So what's the point of all this last night?



Good points. I think as in all things, one can either take these things for good or bad. Our local schools no longer have proms at hotels, they use a more neutral venue. They also have breathalyzers at the prom, and anyone who has had anything to drink is arrested. Though there is dancing, most of the kids don't spend their time dancing, it's more socializing or doing a lot of the activities that they have (usually a number of alternate games, etc. are offered). I think if a person chooses to be bad, they'll be bad. If they choose to be good, they'll be good. I do think that life should be celebrated.

As to the adolescence...could be right. But life for teens is pretty stress filled, with demands from school, work, church, sports, college fears and pressure, and I'm not so sure that it's as easy as it seems.

April 27, 2008 at 3:07 PM  

I think that our American view of adolescence is actually either a prolonged childhood or delayed adulthood. And I don't think it's necessarily a good thing.
I went to my prom, I had fun. I did not drink and I wore a modest gown (of course it was 1983 and Princess Di's wedding dress was the basis for most prom dresses that year). But I know there were other people who, well, did other things after the prom.
I think what bothers me is the focus on self and external beauty. It really distracts from those things that are of eternal value. I do not want my little girl going to a prom and if we continue to homeschool it not likely she will have the opportunity. I don't think she'll miss out on anything by missing it.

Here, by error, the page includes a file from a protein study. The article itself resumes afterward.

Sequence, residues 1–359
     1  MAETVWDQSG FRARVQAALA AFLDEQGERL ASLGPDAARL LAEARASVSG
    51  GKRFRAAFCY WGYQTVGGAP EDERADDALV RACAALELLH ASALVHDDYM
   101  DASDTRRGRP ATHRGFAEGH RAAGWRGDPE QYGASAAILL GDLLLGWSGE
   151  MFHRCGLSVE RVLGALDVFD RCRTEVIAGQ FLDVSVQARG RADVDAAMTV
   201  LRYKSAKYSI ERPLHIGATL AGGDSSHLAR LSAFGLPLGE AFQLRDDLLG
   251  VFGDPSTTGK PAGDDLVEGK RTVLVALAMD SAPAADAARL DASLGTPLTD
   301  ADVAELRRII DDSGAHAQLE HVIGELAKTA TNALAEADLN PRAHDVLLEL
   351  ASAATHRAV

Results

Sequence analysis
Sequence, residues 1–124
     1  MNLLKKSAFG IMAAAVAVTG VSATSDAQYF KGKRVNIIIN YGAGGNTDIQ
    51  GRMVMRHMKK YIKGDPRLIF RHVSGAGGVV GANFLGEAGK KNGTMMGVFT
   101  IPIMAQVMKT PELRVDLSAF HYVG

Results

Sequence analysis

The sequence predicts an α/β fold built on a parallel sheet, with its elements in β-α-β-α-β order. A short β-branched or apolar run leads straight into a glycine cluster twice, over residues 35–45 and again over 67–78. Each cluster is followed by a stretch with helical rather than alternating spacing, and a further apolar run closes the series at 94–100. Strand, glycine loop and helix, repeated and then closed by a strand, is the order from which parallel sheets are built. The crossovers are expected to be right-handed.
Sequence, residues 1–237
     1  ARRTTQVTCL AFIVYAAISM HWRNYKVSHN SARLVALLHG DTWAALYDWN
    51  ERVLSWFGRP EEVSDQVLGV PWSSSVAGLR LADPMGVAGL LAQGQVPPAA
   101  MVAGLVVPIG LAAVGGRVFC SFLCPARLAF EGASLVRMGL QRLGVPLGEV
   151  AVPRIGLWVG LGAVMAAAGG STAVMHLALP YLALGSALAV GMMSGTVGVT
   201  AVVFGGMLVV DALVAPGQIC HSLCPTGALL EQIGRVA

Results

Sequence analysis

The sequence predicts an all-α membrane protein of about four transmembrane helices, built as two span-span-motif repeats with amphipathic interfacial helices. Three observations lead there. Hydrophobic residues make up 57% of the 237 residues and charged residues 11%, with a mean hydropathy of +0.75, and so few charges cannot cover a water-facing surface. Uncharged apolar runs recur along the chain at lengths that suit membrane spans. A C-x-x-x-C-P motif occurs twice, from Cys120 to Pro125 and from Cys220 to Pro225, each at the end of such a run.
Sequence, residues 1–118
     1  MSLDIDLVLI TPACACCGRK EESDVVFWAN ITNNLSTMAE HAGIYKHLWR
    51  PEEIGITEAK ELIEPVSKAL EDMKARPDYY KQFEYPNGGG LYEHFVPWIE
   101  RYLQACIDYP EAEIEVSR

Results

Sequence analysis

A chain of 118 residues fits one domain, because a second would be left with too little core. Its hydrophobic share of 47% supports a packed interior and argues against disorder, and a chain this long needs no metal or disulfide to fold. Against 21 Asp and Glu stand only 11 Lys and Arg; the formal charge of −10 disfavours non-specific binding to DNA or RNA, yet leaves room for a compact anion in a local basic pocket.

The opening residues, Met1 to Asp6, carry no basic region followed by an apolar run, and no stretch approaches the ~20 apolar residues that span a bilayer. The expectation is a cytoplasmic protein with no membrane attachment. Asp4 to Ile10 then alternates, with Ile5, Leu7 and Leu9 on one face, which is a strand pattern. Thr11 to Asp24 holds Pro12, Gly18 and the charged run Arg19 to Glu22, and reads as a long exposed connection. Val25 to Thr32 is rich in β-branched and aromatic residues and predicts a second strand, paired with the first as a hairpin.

April 28, 2008 at 8:50 AM  

Joann-You have some very valid points about the pressures of the teen years, esp. since you have two teens right now! It's true, too, that if the kids want to be bad, they'll find a way.

Cyndy-I think your delayed adulthood idea is right on the money. While teens do face pressures to grow up in many ways, they are still, particularly in their late teens/early twenties, a sense in which they have total freedom from any real responsibilities. I know for myself during that time, as much FUN as I had, I was more prone to making poor choices because there was no external pressure to do right. I wasn't in a church regularly and I was away from my parents. I think that can be a recipe for disaster.

April 29, 2008 at 7:59 AM  

I understand the teen mind is fertile for trouble and creativity. It is a stressful, hopeful, angst-filled time of life. Teens are different than those younger and those older because hormones are raging. What frustrates me in this day and age is the media selling so much junk to these guys - telling them these are the things they need as teens. There's where a lot of pressure is coming from.